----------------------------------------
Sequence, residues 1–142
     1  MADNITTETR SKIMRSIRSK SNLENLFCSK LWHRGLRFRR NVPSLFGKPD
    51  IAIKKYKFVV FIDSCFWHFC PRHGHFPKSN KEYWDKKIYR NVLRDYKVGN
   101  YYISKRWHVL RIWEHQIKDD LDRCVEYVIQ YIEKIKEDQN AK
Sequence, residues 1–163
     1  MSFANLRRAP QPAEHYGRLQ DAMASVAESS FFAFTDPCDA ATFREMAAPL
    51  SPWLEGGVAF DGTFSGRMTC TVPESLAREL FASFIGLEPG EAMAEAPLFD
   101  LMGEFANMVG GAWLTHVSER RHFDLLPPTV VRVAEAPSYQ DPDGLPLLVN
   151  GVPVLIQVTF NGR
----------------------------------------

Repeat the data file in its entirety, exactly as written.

Sequence, residues 1–142
     1  MADNITTETR SKIMRSIRSK SNLENLFCSK LWHRGLRFRR NVPSLFGKPD
    51  IAIKKYKFVV FIDSCFWHFC PRHGHFPKSN KEYWDKKIYR NVLRDYKVGN
   101  YYISKRWHVL RIWEHQIKDD LDRCVEYVIQ YIEKIKEDQN AK
Sequence, residues 1–163
     1  MSFANLRRAP QPAEHYGRLQ DAMASVAESS FFAFTDPCDA ATFREMAAPL
    51  SPWLEGGVAF DGTFSGRMTC TVPESLAREL FASFIGLEPG EAMAEAPLFD
   101  LMGEFANMVG GAWLTHVSER RHFDLLPPTV VRVAEAPSYQ DPDGLPLLVN
   151  GVPVLIQVTF NGR